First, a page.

- Seema Mohapatra, Using Egg Freezing for Non-Medical Reasons: Fertility Insurance or False Hope? – Legal, Ethical, and Policy Considerations, SSRN
- Alyna Chien & Meredith B. Rosenthal, Medicare’s Physician Value-Based Payment Modifier — Will the Tectonic Shift Create Waves? N Engl J Med
- Cathy Schoen et al, Access, Affordability, And Insurance Complexity Are Often Worse In The United States Compared To Ten Other Countries, Commonwealth Fund/Health Affairs
- Jan Walker et al, The Road toward Fully Transparent Medical Records, N Engl J Med
The November 2013 issue of the Yale Law Journal features a very interesting comment on an important issue at the intersection of health law and policy. A First Amendment Approach to Generic Drug Manufacturing, by Connor Sullivan, argues that the First Amendment principles underlying the Supreme Court’s opinion in Sorrell v. IMS Health Inc. provide a viable legal avenue for challenging the FDA regulations that prevent generic drug manufacturers from sending letters warning physicians of the risks of their drugs.
These FDA regulations became a source of legal controversy when the Supreme Court heard PLIVA, Inc. v. Mensing, 131 S. Ct. 2567 (2011), a case concerning whether the FDA’s requirement that generic drug manufacturers use the same labels as brand name manufacturers preempts state tort laws that allow injured parties to challenge the sufficiency of a generic manufacturer’s warnings. The Court held that the FDA requirements did pre-empt state tort law on the theory that a generic drug manufacturer could not comply with both the FDA labeling requirements and state tort law at the same time because state tort law might require different, greater warnings than the brand name manufacturer of that same drug used. The Court noted the unfortunate inconsistency that had befallen the plaintiffs in the case; had they taken the brand name drug, they could challenge the labeling requirements of the brand name manufacturer, which has the flexibility under federal law to change their labeling scheme. But because the plaintiffs took the generic version of the same drug, their suit was foreclosed.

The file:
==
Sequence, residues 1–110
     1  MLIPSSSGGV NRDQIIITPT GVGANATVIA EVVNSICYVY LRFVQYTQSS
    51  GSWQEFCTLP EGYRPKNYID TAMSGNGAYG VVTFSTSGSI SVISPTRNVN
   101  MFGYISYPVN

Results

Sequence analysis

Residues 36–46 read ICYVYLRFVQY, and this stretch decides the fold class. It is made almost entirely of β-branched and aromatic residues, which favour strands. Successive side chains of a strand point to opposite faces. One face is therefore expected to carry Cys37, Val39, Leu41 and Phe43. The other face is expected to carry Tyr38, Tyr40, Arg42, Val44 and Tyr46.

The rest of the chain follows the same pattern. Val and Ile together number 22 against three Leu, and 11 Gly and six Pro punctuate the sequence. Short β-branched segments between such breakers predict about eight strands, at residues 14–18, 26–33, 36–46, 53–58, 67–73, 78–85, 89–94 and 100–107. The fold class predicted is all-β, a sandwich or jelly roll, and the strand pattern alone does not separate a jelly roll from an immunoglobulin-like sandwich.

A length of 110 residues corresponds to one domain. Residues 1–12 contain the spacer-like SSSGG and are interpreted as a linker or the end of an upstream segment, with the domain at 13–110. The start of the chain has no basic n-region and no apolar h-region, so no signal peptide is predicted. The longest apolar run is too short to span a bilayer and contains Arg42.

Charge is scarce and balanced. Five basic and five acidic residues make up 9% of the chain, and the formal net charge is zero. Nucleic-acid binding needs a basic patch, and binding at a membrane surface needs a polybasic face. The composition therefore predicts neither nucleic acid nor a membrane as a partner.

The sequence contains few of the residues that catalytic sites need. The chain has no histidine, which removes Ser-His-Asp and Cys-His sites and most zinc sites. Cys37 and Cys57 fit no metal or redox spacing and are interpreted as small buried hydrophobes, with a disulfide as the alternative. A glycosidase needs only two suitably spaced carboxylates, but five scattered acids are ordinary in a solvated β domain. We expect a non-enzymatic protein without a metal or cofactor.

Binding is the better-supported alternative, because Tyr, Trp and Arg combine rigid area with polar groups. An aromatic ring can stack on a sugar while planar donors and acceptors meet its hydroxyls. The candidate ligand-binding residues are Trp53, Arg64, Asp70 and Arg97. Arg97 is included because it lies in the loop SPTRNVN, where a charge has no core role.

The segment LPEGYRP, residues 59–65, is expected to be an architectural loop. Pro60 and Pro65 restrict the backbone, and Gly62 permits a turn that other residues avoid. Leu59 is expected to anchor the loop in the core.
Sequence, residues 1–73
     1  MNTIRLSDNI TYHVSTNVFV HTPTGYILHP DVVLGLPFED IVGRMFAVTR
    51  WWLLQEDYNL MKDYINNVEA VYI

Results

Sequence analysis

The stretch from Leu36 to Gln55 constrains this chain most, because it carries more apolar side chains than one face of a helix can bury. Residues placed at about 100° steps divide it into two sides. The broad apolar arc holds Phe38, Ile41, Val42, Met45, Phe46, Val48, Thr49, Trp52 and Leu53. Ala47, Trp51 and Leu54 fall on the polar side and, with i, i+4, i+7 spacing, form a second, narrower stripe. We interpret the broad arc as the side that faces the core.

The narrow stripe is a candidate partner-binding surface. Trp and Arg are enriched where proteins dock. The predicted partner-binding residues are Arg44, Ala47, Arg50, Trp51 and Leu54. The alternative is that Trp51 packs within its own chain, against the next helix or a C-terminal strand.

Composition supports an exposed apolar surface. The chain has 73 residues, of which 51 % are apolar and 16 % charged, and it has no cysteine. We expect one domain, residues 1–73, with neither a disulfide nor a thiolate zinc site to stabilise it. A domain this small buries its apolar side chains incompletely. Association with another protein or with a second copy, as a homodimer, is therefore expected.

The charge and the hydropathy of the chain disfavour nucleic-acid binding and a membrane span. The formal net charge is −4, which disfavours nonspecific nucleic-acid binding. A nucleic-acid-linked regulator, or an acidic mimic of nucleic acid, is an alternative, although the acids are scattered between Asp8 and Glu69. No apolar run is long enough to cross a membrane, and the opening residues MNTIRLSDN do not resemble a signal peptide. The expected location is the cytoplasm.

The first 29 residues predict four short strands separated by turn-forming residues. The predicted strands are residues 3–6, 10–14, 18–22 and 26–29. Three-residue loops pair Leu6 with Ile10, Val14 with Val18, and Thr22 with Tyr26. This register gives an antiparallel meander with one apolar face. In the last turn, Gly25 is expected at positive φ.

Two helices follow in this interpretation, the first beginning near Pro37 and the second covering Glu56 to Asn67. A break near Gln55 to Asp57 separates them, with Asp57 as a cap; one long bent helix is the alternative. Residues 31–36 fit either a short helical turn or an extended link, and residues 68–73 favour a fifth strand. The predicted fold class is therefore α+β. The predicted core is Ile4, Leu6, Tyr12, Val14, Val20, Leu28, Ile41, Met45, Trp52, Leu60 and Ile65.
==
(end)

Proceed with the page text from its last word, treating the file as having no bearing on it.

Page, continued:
We might intuitively assume that these plaintiffs could simply sue the brand name manufacturer; after all, it is their poor labeling scheme that the plaintiffs were challenging by noting the deficiencies in the generic manufacturer’s similar label. But the law is not so wise. After many attempts and subsequent failures to convince a court of such an argument, the law has virtually foreclosed any mechanism for an injured party to recover from a brand name manufacturer for the labeling deficiencies that are passed onto a generic manufacturer. Indeed, Sullivan cites to Gardley-Starks v. Pfizer, Inc., 917 F. Supp. 2d 597, 604 n.4 (N.D. Miss. 2013), which noted that “sixty-six decisions applying the law of twenty-three different jurisdictions [have held] that brand name manufacturers of a drug may not be held liable under any theory for injuries caused by the use of a generic manufacturer’s product.”
In sum, the combination of FDA rules and a Supreme Court pre-emption decision has created a real inconsistency in how people experience the tort laws as applied to their drug manufacturers. After the jump, I’ll explain Sullivan’s idea for solving this problem.
- Alyna Chien and Meredith Rosenthal, Medicare’s Physician Value-Based Payment Modifier — Will the Tectonic Shift Create Waves? N Engl J Med
- Brendan Maher, The Affordable Care Act, Remedy, and Litigation Reform, SSRN/American University L.Rev.
- Thad Pope, Making Medical Decisions for Patients without Surrogates, N Engl J Med
- World Medical Association Declaration of Helsinki, Ethical Principles for Medical Research Involving Human Subjects, 7th Rev. 2013, JAMA
- Thomas Gallagher et al, Talking with Patients about Other Clinicians’ Errors, N Engl J Med
- Arti Rai, Biomedical Patents at the Supreme Court: A Path Forward, SSRN/Stan. L.Rev. Online
- Allison Hoffman, An Optimist’s Take on the Decline of Small-Employer Health Insurance, SSRN/Iowa L.Rev.
- Jessica Mantel, The Myth of the Independent Physician: Implications for Health Law, Policy, and Ethics, SSRN/Case Western Reserve L. Rev.
The Petrie-Flom Center and Harvard Law School are delighted to announce our partnership with Duke University, Stanford University, and Oxford University Press to launch a new peer-reviewed, open access, online journal in 2014: Journal of Law and the Biosciences (JLB).